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Theodicy

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Theodicy

Postby sardith » Sat Jul 20, 2013 1:31 pm

“How could a holy and loving God who is in control of all things allow evil to exist?” :?

I’ve heard this question many times, but never knew there was a word which covered it, until now.

A theodicy is “a theological construct whose purpose is to answer this question. The word is a combination of Greek and Latin terms meaning ‘God’ and ‘Right’.

Now that I know there IS a word, I’d love to see Dr. Goodword’s take on it, so please add theodicy to the Word-of-the-Day queue.

Sardith
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Re: Theodicy

Postby Slava » Sat Jul 20, 2013 5:38 pm

I'm fairly positive that both parts of theodicy are from Greek.

Theo (theos) - god + dicy (diké) - justice.

Latin god is deus.
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Re: Theodicy

Postby Philip Hudson » Sat Jul 20, 2013 7:12 pm

Leibnitz, who defined this as the best of all possible worlds, coined this word. Theodicy has always been a "hot topic" of Christian and anti-Christian theology. My simple theology is that even God can't do self-contradictory things. Hence, He cannot make people with free will and also a world free from the consequences of people's free will actions. As for why should God bother, I sometimes wonder that myself.
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Re: Theodicy

Postby Slava » Sat Jul 20, 2013 7:18 pm

By the by, couldn't one take this as a misspelling of one of Homer's works? Didn't he write both the Iliad and Theodicy? :)
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Re: Theodicy

Postby Perry Lassiter » Sat Jul 20, 2013 8:13 pm

Another oddity lurks. In light of the Zimmerman trial, half the country thinks justice is indeed dicy.
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Re: Theodicy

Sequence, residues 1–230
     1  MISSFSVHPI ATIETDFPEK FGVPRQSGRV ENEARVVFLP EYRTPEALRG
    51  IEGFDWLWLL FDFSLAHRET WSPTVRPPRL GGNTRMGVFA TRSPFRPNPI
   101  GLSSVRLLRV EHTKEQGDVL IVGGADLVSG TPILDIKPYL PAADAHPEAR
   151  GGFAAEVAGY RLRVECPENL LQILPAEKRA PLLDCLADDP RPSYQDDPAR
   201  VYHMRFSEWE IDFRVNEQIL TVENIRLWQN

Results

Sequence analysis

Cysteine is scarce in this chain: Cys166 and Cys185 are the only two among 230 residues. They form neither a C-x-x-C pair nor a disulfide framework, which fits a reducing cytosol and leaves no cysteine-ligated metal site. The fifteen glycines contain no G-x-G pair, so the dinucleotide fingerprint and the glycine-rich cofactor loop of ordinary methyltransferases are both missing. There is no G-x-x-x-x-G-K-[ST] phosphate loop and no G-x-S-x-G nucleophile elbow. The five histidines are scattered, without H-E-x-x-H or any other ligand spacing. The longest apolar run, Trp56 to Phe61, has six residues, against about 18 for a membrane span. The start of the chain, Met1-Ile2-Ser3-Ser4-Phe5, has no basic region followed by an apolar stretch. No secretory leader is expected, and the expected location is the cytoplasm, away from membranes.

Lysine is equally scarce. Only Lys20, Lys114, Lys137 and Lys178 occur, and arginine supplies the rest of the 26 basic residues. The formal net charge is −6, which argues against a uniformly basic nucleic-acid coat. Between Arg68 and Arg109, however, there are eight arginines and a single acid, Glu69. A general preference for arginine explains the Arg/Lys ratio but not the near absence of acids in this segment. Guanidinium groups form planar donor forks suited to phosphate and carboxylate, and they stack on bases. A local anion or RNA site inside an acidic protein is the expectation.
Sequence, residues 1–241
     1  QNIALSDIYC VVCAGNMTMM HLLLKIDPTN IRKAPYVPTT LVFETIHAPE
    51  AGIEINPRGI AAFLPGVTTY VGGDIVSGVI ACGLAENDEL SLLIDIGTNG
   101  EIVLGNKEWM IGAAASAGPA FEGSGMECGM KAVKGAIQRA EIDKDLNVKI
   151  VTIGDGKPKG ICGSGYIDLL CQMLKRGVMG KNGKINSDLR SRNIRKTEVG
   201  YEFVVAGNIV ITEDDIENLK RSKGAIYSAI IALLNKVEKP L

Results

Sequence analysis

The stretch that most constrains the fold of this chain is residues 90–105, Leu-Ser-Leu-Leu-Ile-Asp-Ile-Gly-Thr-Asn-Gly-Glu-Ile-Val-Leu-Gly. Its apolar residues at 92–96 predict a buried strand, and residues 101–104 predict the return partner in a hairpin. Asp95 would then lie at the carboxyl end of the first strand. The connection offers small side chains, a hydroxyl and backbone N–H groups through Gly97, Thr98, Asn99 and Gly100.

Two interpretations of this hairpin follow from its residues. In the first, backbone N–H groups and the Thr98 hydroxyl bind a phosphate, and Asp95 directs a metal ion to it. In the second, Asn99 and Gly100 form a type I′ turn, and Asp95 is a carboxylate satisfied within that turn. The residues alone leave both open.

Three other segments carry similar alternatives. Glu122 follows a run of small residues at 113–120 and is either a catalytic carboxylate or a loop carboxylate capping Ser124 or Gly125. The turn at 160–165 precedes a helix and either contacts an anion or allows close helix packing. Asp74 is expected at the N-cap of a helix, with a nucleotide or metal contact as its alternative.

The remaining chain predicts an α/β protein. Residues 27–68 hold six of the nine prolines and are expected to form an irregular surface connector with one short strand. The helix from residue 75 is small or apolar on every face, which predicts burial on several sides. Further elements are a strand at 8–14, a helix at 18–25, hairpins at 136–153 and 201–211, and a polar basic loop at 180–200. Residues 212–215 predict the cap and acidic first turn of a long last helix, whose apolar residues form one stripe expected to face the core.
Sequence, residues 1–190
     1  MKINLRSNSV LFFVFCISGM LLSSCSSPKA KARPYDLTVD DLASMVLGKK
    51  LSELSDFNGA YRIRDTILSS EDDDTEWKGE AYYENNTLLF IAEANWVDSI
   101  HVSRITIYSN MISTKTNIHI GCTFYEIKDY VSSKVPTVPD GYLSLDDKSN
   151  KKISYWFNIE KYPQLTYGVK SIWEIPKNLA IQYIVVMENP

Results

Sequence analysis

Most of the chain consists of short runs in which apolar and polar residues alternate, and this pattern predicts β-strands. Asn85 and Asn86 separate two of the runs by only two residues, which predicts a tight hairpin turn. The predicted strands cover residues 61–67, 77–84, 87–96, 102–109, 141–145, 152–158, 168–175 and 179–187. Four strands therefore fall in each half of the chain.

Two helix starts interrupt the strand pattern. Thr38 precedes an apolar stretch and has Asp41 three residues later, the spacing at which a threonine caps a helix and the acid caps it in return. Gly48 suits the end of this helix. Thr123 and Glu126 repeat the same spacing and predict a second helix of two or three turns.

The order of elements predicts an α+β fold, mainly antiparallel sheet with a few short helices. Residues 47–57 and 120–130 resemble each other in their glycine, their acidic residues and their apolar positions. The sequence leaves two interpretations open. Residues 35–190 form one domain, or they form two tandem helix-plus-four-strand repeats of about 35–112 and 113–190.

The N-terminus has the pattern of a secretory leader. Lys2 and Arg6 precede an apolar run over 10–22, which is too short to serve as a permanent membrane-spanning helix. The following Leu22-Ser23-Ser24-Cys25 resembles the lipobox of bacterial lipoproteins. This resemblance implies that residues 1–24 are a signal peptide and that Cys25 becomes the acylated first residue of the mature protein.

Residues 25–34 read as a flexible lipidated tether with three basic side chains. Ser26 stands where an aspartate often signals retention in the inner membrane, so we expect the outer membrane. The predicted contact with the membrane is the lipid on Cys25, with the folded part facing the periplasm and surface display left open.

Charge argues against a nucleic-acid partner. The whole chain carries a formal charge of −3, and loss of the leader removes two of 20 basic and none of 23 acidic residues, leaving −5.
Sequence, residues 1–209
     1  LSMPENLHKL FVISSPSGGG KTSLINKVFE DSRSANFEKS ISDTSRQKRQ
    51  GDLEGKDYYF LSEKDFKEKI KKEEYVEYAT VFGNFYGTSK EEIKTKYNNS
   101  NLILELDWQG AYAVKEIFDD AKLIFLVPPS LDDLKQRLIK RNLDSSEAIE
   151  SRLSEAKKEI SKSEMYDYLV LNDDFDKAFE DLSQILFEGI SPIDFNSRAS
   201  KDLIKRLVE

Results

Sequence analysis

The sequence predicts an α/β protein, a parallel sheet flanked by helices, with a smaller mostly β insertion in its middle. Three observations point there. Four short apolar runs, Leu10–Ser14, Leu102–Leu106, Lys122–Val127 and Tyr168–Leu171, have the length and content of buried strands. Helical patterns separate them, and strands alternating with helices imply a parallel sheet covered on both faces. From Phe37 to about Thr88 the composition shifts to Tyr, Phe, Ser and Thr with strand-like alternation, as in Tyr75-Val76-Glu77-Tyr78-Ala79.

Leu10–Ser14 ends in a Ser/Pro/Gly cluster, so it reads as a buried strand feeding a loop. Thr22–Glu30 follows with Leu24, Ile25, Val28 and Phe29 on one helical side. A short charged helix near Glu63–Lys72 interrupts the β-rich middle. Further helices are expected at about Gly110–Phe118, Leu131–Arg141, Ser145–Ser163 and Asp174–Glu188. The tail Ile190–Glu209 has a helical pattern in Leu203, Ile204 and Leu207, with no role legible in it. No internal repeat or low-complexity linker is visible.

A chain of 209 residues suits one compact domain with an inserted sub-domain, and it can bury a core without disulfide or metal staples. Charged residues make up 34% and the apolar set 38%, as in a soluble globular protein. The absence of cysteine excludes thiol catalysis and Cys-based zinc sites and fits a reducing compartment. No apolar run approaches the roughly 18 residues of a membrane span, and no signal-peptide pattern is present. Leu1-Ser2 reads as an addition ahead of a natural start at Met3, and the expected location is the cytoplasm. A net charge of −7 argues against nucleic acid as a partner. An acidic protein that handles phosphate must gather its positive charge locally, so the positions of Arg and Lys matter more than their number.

Postby gailr » Sat Jul 20, 2013 8:18 pm

^^Good joke, Slava.
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Re: Theodicy

Postby Slava » Sat Jul 20, 2013 8:19 pm

Perry Lassiter wrote:Another oddity lurks. In light of the Zimmerman trial, half the country thinks justice is indeed dicy.

Wow, I wish I'd come up with that one. Kudos! 8)
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Re: Theodicy

Postby sardith » Sun Jul 21, 2013 1:53 pm

Slava,

I understand what you are saying about the Greek-Greek, but why does the Merriam-Webster say:


Origin of THEODICY
modification of French théodicée, from théo- the- (from Latin theo-) + Greek dikē judgment, right — more at diction
First Known Use: 1797


Thanks,
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Re: Theodicy

Postby Perry Lassiter » Sun Jul 21, 2013 2:29 pm

I think Latin borrowed theus from the Greek, though deus was the normal term. I'm among those who think Rome only conquered Greece on the battle field, while the Greek culture manhandled the Latinate. Note the New Testament was written in Greek because it was more universally known than Latin, even though Rome "ruled the world."
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Re: Theodicy

Postby Slava » Sun Jul 21, 2013 2:46 pm

It seems we have a conflict in our sources.
etymonline.com wrote:1799, from French théodicée, title of a work by Leibniz, from Greek theos "god" (see Thea) + dike "judgment, justice, usage, custom" (cognate with Latin dicere "to show, tell;"


Wiktionary even uses the Greek: from the Ancient Greek θεός (theos, “god”) + δίκη (dikē, “justice”).

I have found a couple of sources that start off saying it's from New Latin, but then they say that that comes from Greek.

Merriam-Webster is the only site that makes a Latin claim.

Also, would someone writing in the early 18th century have made up a two-language word?
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Re: Theodicy

Postby sardith » Sun Jul 21, 2013 3:01 pm

I am not disputing you, Slava, but merely asking how this contradiction might have occurred. :?

If you're saying that Merriam-Webster just had a screw loose on this one, I can accept that, knowing that even sources can be dicy every once in a while. :oops:

Sorry about that,
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Re: Theodicy

Postby Slava » Sun Jul 21, 2013 7:25 pm

Sorry about that, too. I didn't mean to imply that I was questioning you. I meant only that our sources were at odds.

E-mail and Internet talk sure can be tricky, eh?
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Re: Theodicy

Postby sardith » Mon Jul 22, 2013 12:06 pm

Oh Slava, no worries. :D
“The difference between the right word and the almost right word is the difference between lightning and a lightning bug.”
~Mark Twain, [pen name for Samuel Clemens], American author and humorist, (1835-1910)~
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